It may get worse before it gets better for Indian start-ups
Apart from the Stayzilla shutdown, events in the first three months of 2017 underline that what started as a correction in late 2015 is starting to veer dangerously close to a crisis
By most accounts, Yogendra Vasupal, co-founder and chief executive officer of Chennai-based budget stays aggregator Stayzilla, is a decent human being and the least likely of people in India’s bustling start-up market to cheat anybody.
Yet, on Tuesday, Vasupal was arrested by local authorities in Chennai on charges of defrauding one of the company’s vendors, an advertising agency called Jigsaw Advertising. The arrest comes in the wake of Stayzilla, backed by front-line venture capital firms Matrix Partners India and Nexus Venture Partners, recently shuttering its operations in a bid to pivot to a more viable business model.
The details around Vasupal’s arrest remain murky but, in a rare show of solidarity, entrepreneurs and investors from across the start-up ecosystem rallied behind Vasupal, seeking his release from what they consider wrongful confinement by the authorities.
That isn’t the only ugly incident that made headlines this week. On 12 March, Sandeep Aggarwal, a founder of Delhi-based e-commerce marketplace ShopClues, took to social network Facebook to rage against his co-founders Radhika Aggarwal and Sanjay Sethi for allegedly pushing him out of the company. The Facebook post has since been removed. Sandeep Aggarwal, a former Wall Street analyst, founded ShopClues in 2011 with Radhika Aggarwal, also his wife, and Sethi, and was its CEO till he was arrested in July 2013 by the US Federal Bureau of Investigation on insider trading charges. Aggarwal immediately stepped down as CEO and subsequently pleaded guilty to the charges.
It isn’t difficult to understand why Aggarwal is keen to get back in the game with ShopClues. In his absence, Radhika Aggarwal and Sethi have grown the company’s valuation to more than $1 billion and attracted a host of well- known investors including New York-based hedge fund Tiger Global Management and Singapore’s sovereign wealth fund GIC Pte. Ltd. It is also the only e-commerce unicorn (start-ups valued by investors privately at $1 billion or more) from India that hasn’t yet shown any outward signs of being in trouble. A squabble between its founders at this juncture would only be harmful to the company.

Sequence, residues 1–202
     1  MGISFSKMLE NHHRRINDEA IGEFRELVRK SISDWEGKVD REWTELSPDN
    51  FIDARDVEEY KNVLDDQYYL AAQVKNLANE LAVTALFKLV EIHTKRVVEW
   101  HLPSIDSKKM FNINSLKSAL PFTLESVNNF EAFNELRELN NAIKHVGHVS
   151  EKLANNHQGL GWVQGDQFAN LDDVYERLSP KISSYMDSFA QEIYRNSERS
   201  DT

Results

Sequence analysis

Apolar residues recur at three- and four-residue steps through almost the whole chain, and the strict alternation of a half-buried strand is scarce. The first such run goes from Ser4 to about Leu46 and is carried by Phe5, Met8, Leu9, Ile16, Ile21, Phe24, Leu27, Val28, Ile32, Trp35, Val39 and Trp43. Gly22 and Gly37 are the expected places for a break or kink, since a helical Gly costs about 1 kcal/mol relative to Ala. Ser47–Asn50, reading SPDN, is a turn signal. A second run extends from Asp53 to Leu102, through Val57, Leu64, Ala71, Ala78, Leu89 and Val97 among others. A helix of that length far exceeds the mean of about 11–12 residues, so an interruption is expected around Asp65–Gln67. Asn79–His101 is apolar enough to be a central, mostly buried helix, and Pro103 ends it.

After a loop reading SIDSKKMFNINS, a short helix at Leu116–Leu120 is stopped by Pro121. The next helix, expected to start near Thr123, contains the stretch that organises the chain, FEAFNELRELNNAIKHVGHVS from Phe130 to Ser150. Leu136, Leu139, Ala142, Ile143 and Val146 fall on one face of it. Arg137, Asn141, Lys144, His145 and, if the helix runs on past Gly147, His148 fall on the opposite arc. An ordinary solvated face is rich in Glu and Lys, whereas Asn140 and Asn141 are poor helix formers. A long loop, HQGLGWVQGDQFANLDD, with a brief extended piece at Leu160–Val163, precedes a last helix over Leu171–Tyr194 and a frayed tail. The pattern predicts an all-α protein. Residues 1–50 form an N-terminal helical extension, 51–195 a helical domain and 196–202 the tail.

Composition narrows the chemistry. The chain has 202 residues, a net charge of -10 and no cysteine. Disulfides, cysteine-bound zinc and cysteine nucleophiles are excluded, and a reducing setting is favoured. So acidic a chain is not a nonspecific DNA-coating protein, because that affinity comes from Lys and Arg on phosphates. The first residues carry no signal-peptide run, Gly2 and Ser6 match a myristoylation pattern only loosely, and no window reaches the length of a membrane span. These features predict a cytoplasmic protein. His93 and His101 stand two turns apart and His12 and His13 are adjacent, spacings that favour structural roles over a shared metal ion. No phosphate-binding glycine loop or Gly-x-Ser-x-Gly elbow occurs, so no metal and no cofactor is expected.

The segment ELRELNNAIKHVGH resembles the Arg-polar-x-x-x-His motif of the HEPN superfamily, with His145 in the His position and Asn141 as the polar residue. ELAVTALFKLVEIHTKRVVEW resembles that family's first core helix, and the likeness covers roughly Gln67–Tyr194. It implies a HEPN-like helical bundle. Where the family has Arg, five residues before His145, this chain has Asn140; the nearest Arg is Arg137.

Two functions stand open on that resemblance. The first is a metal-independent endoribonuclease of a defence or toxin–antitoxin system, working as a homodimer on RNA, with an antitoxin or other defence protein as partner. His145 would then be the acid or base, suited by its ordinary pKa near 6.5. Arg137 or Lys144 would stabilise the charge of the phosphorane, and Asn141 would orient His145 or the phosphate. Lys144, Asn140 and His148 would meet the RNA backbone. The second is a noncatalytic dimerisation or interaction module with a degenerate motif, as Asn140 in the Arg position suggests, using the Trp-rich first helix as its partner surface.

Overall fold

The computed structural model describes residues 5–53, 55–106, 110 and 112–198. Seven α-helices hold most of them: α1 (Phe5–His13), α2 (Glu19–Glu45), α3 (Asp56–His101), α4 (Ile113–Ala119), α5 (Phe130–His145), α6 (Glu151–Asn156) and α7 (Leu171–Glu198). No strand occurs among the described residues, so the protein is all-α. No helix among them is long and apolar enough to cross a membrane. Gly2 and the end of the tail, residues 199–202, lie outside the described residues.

The two disparate incidents are manifestations of the immense stress that India’s start-up market has been under for well over a year. The market, as is now well-documented, slipped into a downturn in the final quarter of 2015. There is next to no later-stage capital available because of the withdrawal of non-traditional start-up investors such as hedge funds and strategic corporate investors. Valuations have plummeted from their dizzying heights back in 2014 and early 2015. The absence of later-stage capital has compelled traditional start-up investors, venture capital firms, to turn cautious on deploying fresh capital. There have been more than a few fire sales of start-ups that ran out of cash in the past year, and job cuts are now fairly commonplace in the ecosystem.
What’s worrying though is that the market is still some way off from a recovery. The general consensus, at least within the venture capital community, is that it’s going to get a lot worse before it gets better. That could just be an inordinately pessimistic view or not. Apart from the Stayzilla shutdown, other events over the first three months of this year underline that what started as a correction in the later part of 2015 is now starting to veer dangerously close to a crisis.